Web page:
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Re: [John_Lit] John the Baptist in the prologue

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  • kymhsm <khs@picknowl.com.au>
    Dear James,
    Message 1 of 6 , Feb 3, 2003
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      Dear James,

      <<<One thing that, for me, makes sense of the position of John
      the Baptist in the prologue is that the Baptist is perhaps thought
      of as spanning the ages, as bearing witness both before and
      after the incarnation. This is possible if...the 'Word becoming
      flesh' and 'Spirit descending and remaining on him' refer to the
      same event.>>>

      I think this view creates more problems than it solves. Either you
      do not have the Word becoming incarnate until Jesus' baptism
      (close to a Gnostic position) or you have John claiming to have
      witnessed something when he was about six months old (Lk
      1:36 - if you are going to allow the witness of another gospel).
      Neither position seems tenable but I cannot see that what you
      are suggesting allows any other alternative. I would need some
      convincing that it is otherwise.

      Sincerely,

      Kym Smith
      Adelaide
      South Australia
      khs@...
    • Pete Phillips
      I m sorry but I think I have missed a connecton somewhere. Could someone explain how Word becoming flesh can be the equivalent of Spirit descending upon and
      Message 2 of 6 , Feb 3, 2003
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        I'm sorry but I think I have missed a connecton somewhere. Could someone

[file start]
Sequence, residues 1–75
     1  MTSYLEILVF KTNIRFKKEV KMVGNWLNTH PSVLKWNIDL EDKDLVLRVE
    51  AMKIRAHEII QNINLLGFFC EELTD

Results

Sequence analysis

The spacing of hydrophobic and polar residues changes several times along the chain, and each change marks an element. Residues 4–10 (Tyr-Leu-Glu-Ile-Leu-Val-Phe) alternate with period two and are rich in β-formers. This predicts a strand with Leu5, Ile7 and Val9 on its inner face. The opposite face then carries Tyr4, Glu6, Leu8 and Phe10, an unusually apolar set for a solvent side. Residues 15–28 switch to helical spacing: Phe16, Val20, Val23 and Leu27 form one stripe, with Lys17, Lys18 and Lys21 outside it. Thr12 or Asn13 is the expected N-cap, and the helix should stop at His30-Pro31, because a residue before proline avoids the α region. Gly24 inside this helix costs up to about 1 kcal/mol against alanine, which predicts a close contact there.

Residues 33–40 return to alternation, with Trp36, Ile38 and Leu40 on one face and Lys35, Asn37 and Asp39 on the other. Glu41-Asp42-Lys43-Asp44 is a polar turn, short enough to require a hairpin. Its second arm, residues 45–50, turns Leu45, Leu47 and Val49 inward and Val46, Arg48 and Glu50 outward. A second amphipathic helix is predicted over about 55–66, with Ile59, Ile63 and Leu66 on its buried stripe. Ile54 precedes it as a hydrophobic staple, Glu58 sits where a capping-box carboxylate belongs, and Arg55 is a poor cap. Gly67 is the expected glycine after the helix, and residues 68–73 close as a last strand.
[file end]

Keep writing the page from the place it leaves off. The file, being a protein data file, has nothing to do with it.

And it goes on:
explain how Word becoming flesh can be the equivalent of Spirit descending
        upon and remaining on him? Are we suggesting that verse 14 is not about
        'Christmas' but rather the end of 'Lent'? Where does the incarnation
        happen? Isn't this just adoptionism then - the Word comes into Jesus at the
        point of indwelling of the Spirit?

        I need some help here, I think.

        Pete Phillips
        ----- Original Message -----
        From: <khs@...>
        To: <johannine_literature@yahoogroups.com>
        Sent: Monday, February 03, 2003 11:22 PM
        Subject: Re: [John_Lit] John the Baptist in the prologue


        > Dear James,
        >
        > <<<One thing that, for me, makes sense of the position of John
        > the Baptist in the prologue is that the Baptist is perhaps thought
        > of as spanning the ages, as bearing witness both before and
        > after the incarnation. This is possible if...the 'Word becoming
        > flesh' and 'Spirit descending and remaining on him' refer to the
        > same event.>>>
        >
        > I think this view creates more problems than it solves. Either you
        > do not have the Word becoming incarnate until Jesus' baptism
        > (close to a Gnostic position) or you have John claiming to have
        > witnessed something when he was about six months old (Lk